The federal government’s ‘black budget’ for surveillance and military spending covers more than just billions in hardware, software, and troops. Part of that multi-billion dollar per year budget is now funneled to local governments as the Department of Homeland Security (DHS) seeks to militarize local police forces.
Federal grants to local and state governments for the purchase of new surveillance technology have risen dramatically over the last decade, all with little to no local oversight. Federal dollars—as much as $300 million from DHS just last year—find their way to local governments via opaque grant programs. Many times, grant applications go to D.C. straight from the desk of unelected local officials. Local representatives and community members may not learn about these applications or the planned use of the grant money until it arrives, at which point there is subtle pressure to accept the funds or lose future federal dollars. Any debate over local purse strings slips into the background as the primary question for local governments becomes “Why wouldn’t we take this cash?”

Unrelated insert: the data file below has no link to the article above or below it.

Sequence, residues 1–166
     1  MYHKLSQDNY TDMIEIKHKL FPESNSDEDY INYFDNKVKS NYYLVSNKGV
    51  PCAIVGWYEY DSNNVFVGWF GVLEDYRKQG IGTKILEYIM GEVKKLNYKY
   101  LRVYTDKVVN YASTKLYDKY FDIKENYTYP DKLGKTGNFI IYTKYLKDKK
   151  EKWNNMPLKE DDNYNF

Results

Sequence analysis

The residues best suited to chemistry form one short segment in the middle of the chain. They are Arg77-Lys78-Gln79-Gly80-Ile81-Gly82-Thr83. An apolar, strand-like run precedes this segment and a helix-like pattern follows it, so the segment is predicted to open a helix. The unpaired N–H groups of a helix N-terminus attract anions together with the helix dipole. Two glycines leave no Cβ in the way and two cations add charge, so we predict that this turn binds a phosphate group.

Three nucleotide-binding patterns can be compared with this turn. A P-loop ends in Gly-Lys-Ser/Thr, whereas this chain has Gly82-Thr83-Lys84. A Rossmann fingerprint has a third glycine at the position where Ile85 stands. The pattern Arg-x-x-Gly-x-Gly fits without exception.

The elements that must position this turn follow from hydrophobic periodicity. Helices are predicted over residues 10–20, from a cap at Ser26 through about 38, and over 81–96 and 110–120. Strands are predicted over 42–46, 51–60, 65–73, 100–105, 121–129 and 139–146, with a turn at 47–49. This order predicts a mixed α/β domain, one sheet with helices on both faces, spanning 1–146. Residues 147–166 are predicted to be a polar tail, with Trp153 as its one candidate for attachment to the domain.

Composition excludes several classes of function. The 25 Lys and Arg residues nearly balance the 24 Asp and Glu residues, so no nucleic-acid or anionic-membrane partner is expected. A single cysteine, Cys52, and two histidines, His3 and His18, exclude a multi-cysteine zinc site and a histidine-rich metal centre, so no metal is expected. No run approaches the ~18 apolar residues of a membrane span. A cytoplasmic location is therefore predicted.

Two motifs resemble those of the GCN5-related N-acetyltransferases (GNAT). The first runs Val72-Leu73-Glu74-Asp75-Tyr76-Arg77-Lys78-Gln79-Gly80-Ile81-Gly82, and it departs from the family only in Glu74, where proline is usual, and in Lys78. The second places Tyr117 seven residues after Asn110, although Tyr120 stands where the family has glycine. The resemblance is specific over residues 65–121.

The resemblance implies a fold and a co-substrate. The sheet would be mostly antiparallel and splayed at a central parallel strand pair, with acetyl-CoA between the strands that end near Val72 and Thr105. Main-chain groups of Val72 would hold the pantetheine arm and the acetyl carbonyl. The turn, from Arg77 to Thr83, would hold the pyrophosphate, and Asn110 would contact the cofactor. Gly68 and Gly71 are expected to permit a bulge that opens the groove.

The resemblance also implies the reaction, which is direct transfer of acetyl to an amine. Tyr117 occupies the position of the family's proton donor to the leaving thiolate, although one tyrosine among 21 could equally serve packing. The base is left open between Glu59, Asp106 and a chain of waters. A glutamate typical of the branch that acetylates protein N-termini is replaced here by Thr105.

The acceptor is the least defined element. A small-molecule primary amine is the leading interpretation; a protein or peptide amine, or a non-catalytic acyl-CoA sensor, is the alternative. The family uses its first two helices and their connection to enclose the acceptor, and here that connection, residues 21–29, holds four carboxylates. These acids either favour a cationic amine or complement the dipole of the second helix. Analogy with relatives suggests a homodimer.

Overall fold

Does Berkeley really need a tank? Does the Alameda County Sheriff need a federally funded surveillance drone? Increased militarization of police forces in America does not help citizens. It would be fascinating to learn why it is better for local communities to be subtly coerced into receiving military hardware than to seek to obtain it because the members of the community prefer to arm and militarize their police and sheriffs.
If you think this unaccounted use of hundreds of millions of dollars annually is a safe and responsible use of government power, please tell us why in the comments below.